Marshall has served as the President and CEO of the Workplace Safety and Insurance Board (WSIB) for the last six years. Marshall will apply the expertise he developed at WSIB in active claims management practices to identify additional opportunities for auto insurance reform. The goal of these reforms is to lead to better health outcomes, lower costs and more affordable insurance premiums.

As a former Deputy Minister of Public Works and Government Services Canada and Deputy Receiver General, Marshall will bring his expertise in administering the federal government’s employee pension plan, as well as his experience managing the operations and technology of the Employment Insurance Fund, to support the government’s commitment to simple, reliable and cost-effective ORPP administration.

Reducing auto insurance rates and implementing the ORPP are key initiatives in the government’s plan to build Ontario up. The four-part plan includes investing in people’s talents and skills, making the largest investment in public infrastructure in Ontario’s history, creating a dynamic, innovative environment where business thrives and building a secure retirement savings plan.

Quick Facts

  • Prior to joining the WSIB, Marshall served in several senior executive roles in both the public and private sectors. In the Government of Canada, Marshall has served as Assistant Auditor General of Canada, Assistant Deputy Minister at Revenue Canada, Assistant Deputy Minister at Employment and Immigration Canada, Deputy Receiver General and Deputy Minister of Public Works and Government Services. In the private sector he has held the post of Vice Chairman of CIBC responsible for the bank’s mortgage, insurance and credit card businesses as well as global operations. His appointment is for a one-year term with an opportunity to renew for another year.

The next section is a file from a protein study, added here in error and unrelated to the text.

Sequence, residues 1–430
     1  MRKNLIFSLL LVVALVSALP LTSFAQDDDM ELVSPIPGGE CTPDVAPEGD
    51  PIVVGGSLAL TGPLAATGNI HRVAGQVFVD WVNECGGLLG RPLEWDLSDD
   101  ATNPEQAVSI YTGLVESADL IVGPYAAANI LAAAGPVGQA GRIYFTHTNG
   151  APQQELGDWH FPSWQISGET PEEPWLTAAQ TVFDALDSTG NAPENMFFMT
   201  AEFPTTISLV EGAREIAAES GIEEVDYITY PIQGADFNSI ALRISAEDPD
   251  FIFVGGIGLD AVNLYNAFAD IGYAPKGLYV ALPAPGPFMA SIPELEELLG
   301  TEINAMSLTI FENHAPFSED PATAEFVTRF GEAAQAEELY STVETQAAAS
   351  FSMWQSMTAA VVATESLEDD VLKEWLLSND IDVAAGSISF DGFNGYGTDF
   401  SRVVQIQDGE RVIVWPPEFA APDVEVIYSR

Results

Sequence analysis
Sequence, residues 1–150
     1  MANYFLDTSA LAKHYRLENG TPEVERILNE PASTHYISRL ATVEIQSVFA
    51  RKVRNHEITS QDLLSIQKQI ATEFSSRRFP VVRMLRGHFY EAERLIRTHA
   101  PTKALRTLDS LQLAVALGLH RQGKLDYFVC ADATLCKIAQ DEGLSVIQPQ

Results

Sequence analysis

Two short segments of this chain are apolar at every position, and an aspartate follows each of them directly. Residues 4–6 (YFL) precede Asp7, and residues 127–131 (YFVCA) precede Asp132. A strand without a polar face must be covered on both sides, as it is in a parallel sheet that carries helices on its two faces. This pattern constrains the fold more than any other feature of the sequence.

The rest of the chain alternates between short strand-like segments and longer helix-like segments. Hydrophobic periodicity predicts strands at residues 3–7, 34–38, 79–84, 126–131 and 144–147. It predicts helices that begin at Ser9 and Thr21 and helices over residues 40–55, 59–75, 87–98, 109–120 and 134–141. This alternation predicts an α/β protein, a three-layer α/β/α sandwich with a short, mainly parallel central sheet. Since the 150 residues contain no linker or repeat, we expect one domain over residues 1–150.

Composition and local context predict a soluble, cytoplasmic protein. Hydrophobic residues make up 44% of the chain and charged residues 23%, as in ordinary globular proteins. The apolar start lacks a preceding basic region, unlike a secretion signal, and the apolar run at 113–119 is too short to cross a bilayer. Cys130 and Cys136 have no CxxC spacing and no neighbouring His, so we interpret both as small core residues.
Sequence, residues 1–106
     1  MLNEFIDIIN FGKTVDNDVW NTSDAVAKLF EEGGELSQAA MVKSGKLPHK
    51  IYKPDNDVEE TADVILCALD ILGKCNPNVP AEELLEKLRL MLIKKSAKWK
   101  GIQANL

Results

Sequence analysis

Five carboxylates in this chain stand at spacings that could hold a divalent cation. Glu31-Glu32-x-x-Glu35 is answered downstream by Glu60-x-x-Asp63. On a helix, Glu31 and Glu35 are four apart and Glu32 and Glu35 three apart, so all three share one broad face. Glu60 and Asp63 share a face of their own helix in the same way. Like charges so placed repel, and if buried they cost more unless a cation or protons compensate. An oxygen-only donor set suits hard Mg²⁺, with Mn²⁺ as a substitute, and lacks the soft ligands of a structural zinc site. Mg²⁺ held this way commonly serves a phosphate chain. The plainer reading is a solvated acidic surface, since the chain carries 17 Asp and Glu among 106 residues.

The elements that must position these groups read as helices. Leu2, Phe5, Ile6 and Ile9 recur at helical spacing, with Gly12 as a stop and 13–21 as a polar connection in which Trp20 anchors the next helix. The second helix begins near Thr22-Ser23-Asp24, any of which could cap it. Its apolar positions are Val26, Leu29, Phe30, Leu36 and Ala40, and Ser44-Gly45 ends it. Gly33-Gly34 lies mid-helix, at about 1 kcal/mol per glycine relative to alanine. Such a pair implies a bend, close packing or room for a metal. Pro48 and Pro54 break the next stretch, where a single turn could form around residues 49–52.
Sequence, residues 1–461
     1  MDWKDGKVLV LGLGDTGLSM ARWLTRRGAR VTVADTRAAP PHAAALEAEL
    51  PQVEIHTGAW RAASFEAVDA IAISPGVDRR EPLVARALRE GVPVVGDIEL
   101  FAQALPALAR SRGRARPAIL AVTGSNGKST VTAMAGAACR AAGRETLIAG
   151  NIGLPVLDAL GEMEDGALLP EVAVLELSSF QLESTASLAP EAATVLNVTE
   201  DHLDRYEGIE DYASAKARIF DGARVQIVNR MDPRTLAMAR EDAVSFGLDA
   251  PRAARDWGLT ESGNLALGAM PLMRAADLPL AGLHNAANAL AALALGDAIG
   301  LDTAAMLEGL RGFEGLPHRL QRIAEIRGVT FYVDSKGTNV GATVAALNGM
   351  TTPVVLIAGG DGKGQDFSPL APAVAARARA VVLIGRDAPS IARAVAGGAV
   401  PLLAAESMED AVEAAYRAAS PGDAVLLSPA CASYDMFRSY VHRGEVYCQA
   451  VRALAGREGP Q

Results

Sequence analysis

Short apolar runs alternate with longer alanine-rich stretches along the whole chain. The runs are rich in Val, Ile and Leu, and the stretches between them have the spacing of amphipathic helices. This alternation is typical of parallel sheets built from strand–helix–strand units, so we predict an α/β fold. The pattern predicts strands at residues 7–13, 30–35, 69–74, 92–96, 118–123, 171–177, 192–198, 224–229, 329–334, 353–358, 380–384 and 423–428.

• Affordable auto insurance is important to Ontario’s more than 9.5 million drivers who rely on cars to get to work, school and take part in community activities.
  • The ORPP will help close the retirement savings gap for the two out of three Ontarians who do not have a secure workplace pension plan. The ORPP will expand pension coverage to about 3.5 million workers, providing a predictable and reliable stream of retirement income.

Additional Resources


Charles Sousa

“David Marshall’s expertise in management and operational planning will help guide our work reducing auto insurance rates for Ontarians. His proven success in improving organizational structure and investment will be a welcome asset in the implementation of the ORPP. These are two important streams of work, which will enable Ontarians to lead more safe and secure lives.”

Charles Sousa

Minister of Finance

Mitzie Hunter

“My goal is to build a secure, sustainable pension plan for Ontario workers. David Marshall’s guidance in setting up the Ontario Retirement Pension Plan will help ensure that we develop the best operational approach possible for the people of this province.”

Mitzie Hunter

Associate Minister of Finance

Distracted driving deaths down in Saskatchewan, but too early to call trend: SGI

Preliminary numbers suggest there’s been a big drop in the number of distracted driving deaths on Saskatchewan roads.

Saskatchewan Government Insurance says 26 people were killed and nearly 600 injured in more than 3,300 collisions related to distracted driving last year.

“The 2014 numbers are still preliminary so that means they could change still a little bit, but we have seen quite a significant decrease since 2013 and even 2012 was one of the worst years that we have seen,” said SGI spokeswoman Kelley Brinkworth.